Animal lovers have proclaimed it for years: Dogs, cats and other pets have a magical ability to make humans feel better. Now researchers are discovering that pets do, in fact, impart a variety of physical and emotional health benefits.
From heart disease to autism therapy to marriage counseling, pets—called companion animals by researchers—have demonstrated that their unique ability to calm, revitalize and brighten moods is no illusion. Examples: Patients with hypertension dramatically lower their blood pressure simply by stroking their pets. Alzheimer’s patients in nursing homes become more responsive and cooperative when visited by the home’s mascot. Autistic kids exhibit more social behaviors around dogs. People living with AIDS have less stress and cope better if they have pets to care for.
Still not convinced? Consider these research findings:
- Senior citizens with pets have 20 percent fewer doctor visits.
- Heart-attack patients with pets have a greater chance of one-year survival following the attack than nonowners.
- Pet owners have lower cholesterol and triglycerides than nonowners.
- Owners who walk their dogs are in better physical shape than nonowners.
- Children with pets are more active in sports and hobbies and tend to have higher cognitive ability.
- Infants raised with pets have fewer cases of adult asthma.
- Families that obtain pets report their households become happier and more fun loving.
To hear such findings, you’d think pets were living, breathing healthcare providers, bettering the sick and maintaining health. Besides improving physical symptoms, many owners say pets read their moods, as well as alleviate sadness and depression.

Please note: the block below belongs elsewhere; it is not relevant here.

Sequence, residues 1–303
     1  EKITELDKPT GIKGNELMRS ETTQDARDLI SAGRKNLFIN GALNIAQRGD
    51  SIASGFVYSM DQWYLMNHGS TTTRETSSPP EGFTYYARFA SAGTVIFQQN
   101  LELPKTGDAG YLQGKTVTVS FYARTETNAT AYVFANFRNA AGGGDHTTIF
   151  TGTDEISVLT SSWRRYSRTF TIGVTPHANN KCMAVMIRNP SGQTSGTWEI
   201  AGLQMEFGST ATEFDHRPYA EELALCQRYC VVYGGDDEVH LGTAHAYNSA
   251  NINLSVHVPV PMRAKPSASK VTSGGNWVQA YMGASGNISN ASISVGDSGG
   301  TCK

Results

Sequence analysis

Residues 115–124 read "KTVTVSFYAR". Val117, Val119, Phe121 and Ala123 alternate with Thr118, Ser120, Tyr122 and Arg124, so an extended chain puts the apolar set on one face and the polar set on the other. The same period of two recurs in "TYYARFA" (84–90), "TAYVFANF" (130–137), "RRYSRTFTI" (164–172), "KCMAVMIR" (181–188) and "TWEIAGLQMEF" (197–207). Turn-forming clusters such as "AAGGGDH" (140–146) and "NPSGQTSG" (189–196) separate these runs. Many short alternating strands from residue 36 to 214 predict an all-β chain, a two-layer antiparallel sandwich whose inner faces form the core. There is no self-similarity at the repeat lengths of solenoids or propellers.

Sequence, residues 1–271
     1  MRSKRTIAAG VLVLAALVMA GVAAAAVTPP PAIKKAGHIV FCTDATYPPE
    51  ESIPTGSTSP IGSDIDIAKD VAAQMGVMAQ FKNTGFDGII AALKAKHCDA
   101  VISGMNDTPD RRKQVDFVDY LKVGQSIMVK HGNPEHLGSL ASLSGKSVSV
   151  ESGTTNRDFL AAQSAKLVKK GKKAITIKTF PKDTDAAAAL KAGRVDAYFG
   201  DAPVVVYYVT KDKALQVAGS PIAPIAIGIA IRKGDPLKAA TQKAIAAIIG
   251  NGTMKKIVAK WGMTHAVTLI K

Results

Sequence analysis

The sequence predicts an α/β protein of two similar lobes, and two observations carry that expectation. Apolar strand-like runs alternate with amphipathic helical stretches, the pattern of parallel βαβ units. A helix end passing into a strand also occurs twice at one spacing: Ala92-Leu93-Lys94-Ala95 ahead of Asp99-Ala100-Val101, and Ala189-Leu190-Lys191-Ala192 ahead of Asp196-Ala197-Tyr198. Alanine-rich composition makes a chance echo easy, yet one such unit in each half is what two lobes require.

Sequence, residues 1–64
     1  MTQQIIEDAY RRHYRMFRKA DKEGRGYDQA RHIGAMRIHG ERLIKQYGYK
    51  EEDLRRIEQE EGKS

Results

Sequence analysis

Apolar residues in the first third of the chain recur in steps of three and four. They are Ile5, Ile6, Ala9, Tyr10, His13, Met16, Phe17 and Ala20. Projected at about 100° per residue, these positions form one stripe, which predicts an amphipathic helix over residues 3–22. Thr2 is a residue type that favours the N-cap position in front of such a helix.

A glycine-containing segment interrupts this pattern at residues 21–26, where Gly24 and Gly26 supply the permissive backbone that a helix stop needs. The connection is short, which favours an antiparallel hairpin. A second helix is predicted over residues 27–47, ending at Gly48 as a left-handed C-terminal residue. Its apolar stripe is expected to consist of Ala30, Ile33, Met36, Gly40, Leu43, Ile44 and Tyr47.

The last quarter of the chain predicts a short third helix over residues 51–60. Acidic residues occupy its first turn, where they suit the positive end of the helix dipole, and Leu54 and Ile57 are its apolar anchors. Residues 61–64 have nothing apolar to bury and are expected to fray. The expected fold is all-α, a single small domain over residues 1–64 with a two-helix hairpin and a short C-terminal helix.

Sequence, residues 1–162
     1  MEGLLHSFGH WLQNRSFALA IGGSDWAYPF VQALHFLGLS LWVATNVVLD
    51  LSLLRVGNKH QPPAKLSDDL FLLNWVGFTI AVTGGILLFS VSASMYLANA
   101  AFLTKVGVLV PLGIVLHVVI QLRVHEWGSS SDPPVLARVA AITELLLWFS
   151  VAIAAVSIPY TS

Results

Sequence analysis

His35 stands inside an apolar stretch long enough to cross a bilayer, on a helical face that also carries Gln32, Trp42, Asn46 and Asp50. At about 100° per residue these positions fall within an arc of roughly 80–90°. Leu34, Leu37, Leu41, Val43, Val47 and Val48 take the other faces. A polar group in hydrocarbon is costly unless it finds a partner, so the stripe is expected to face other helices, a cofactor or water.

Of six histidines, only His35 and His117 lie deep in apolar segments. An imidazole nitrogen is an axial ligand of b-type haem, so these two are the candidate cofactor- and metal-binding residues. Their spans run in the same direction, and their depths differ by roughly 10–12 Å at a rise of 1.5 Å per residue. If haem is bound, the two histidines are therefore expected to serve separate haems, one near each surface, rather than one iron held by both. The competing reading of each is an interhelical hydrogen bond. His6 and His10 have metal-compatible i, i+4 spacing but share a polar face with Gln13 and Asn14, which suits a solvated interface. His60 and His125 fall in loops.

Pets’ soothing effects have been clinically observed. Through blood pressure tests, one researcher concluded that animals helped humans relax by quelling our primitive “fight-or-flight” response. This biological reaction, which floods the bloodstream with adrenaline to sharpen the senses in threatening situations, helped prehistoric humans survive real danger.
Today, it’s triggered by crowds, traffic jams, unfamiliar places—even by argumentative relatives. But since pets don’t shove, blow horns, argue or judge, owners feel utterly safe in their presence—and no fight-or-flight response is triggered. Instead, the owner’s heart and mental health are helped by the pet’s serene nudging and purring.
Another study showed 99 percent of pet owners regard their animals as family members. Besides reducing stress, pets hold important household jobs—security experts, singers, guardians and rodent exterminators.
Sometimes, new friendships result from simply walking a dog, as noted in a British study. A male clinician using a highly trained dog gauged the number of conversations he could strike up with strangers. First, he dressed sharply and walked without the dog; then he dressed sloppily and walked without the dog. Next, he dressed well and walked the dog; then, dressed sloppily, he walked the dog. Result: More strangers conversed with the well-dressed man walking the dog than his other modes.
Seems that dog-walking is a great way to meet people … and its health benefits will ensure that any new friendships you make will last for years to come.